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Demon Drop

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Subject: Cedar Point, Dorney Park & Wildwater Kingdom, Freefall (ride), WindSeeker, Peer review/WindSeeker/archive2
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Demon Drop

Demon Drop
Demon Drop at Dorney Park
Dorney Park & Wildwater Kingdom
Status Operating
Opening date July 8, 2010
Replaced Krazy Kars
Cedar Point
Status Relocated to Dorney Park & Wildwater Kingdom
Opening date 1983
Closing date November 1, 2009
Replaced by Ocean Motion
General statistics
Attraction type Freefall
Manufacturer Intamin
Model 1st Generation Freefall
Height 131 ft (40 m)
Drop 60 ft (18 m)
Speed 55 mph (89 km/h)
Vehicles 6
Riders per vehicle 4
Height restriction 48 in (122 cm)
Restraints Over-the-shoulder restraints

Demon Drop is an Intamin Freefall ride at Dorney Park & Wildwater Kingdom. It was previously located at Cedar Point, Dorney's sister park, before being relocated to Dorney Park for the 2010 season. It is currently one of the oldest operating of its kind in the world.


  • History 1
  • Ride Description 2
  • See also 3
  • References 4
  • External links 5


Demon Drop while at Cedar Point

Demon Drop debuted at Cedar Point in 1983. It was very popular as it was located at the very front of the park. In 2005, rumors started of the ride being relocated or dismantled when the ride was put up for sale. On October 21, 2009, Cedar Point officials announced that Demon Drop would be moved to its sister park, Knott's Berry Farm, for the 2010 season.[1] In November, fans of Dorney Park & Wildwater Kingdom spotted pieces similar to Demon Drop at its park in Pennsylvania. On December 2, 2009, it was announced that Demon Drop would not be relocated to Knott's Berry Farm. Instead, it would be relocated to Dorney Park & Wildwater Kingdom. It officially opened at Dorney Park on July 2, 2010.[2]

Ride Description

The ride can accommodate up to four riders, and consists of three main sections; the loading and unloading station, the lift tower, and the drop and run-out track. Riders are loaded into a gondola type car near ground level at the station and secured with over the shoulder harnesses. The gondola is then moved backwards horizontally to the rear base of the lift tower and then climbs vertically to the top of the tower in 7.2 seconds. Once there, it slides forward and hangs over the drop track for a few seconds. Without warning, the car is released and riders drop 60 feet in less than two seconds before experiencing the deceleration g-forces as the car enters a pull-out curve which transitions the vertical fall into a horizontal brake run. As the gondola rolls through the brake run to slow down, the riders are facing the sky. Once it stops at the end of the run, a mechanism swings the top of the car down, and the gondola moves in reverse at a downward 45 degree angle to another track where it returns to an upright position. It then returns to the station in reverse traveling below the brake run track.[3]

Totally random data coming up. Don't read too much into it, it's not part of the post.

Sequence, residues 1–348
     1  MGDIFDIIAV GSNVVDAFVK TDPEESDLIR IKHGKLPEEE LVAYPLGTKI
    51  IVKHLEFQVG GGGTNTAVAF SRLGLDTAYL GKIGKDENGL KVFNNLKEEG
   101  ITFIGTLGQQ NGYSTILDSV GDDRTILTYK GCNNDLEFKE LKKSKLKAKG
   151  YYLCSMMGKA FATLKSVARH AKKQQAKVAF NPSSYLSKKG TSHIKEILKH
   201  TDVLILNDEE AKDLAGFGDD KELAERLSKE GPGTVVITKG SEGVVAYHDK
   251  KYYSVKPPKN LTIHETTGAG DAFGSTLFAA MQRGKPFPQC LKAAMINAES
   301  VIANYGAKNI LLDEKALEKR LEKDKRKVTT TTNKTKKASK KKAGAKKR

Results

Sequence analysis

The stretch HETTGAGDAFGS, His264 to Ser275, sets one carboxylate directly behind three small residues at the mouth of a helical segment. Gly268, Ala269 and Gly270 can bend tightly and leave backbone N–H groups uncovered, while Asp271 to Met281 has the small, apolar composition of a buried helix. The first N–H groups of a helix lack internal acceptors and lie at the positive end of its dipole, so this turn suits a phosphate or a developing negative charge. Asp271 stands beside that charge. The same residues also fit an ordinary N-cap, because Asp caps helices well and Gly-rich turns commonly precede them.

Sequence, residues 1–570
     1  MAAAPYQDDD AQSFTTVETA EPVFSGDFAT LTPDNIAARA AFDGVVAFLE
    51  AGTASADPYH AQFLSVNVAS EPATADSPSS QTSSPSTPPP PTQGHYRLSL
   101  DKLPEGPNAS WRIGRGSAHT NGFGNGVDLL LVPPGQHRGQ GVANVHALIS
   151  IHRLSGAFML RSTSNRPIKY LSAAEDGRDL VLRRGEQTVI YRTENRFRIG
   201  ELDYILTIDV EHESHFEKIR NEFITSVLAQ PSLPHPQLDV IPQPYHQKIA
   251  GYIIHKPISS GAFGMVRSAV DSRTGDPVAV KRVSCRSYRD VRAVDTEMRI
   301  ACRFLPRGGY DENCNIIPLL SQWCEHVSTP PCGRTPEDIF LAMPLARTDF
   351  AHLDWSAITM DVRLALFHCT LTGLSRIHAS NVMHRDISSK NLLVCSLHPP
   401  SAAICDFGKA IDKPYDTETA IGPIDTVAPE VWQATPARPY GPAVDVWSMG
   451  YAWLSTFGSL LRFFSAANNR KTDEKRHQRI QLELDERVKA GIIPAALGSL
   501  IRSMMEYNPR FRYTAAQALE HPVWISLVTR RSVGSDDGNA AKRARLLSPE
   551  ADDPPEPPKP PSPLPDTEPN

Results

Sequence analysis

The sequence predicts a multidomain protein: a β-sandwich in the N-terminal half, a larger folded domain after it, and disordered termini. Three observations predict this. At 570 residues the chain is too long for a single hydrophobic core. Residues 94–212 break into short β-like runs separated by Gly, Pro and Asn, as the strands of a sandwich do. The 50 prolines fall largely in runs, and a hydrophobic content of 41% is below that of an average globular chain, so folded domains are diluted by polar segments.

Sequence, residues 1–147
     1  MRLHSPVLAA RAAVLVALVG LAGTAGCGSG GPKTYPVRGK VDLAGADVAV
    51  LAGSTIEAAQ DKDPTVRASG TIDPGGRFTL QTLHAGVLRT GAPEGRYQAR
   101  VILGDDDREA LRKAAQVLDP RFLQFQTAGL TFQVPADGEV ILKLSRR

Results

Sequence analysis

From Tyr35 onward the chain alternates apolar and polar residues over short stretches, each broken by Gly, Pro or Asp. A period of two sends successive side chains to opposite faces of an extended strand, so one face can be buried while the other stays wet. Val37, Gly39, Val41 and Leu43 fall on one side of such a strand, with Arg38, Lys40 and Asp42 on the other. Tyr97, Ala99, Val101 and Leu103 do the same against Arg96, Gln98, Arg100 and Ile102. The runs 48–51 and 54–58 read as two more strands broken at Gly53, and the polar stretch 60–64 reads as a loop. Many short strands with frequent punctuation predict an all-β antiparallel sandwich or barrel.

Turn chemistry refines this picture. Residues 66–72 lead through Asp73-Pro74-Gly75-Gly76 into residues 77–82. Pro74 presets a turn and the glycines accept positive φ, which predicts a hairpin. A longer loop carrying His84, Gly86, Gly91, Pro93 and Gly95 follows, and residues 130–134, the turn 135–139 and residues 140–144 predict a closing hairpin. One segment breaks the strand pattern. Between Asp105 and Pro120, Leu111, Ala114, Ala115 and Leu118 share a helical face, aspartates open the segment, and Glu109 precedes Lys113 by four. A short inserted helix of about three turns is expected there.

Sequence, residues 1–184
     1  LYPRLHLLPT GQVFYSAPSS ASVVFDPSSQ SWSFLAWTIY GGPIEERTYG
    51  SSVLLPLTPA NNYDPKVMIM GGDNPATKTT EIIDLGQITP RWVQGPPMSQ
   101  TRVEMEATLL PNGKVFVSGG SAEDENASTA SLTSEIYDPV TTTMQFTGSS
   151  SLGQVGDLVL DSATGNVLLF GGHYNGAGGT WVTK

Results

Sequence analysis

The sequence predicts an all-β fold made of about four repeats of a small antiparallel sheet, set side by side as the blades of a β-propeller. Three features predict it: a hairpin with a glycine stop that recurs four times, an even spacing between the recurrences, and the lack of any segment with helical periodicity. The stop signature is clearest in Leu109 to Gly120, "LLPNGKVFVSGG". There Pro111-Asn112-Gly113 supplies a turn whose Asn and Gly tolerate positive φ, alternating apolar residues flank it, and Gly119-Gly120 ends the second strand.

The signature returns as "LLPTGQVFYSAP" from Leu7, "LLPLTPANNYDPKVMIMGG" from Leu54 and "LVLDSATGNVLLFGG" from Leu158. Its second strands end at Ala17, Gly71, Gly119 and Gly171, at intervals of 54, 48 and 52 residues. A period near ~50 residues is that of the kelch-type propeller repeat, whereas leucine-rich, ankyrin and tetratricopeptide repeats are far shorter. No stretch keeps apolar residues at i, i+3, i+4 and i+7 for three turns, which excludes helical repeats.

See also


  1. ^ Cedar Point. "Cedar Point Demon Drop ride on the move". Retrieved 2012-02-24. 
  2. ^ "Dorney Park Unveils ‘Demon Drop’ in Allentown, Pennsylvania". 2010-07-09. Retrieved 2012-02-24. 
  3. ^ "Demon Drop Photo Gallery". The Point Online. Retrieved January 1, 2014. 

External links

  • Official page
  • Demon Drop Photo Gallery
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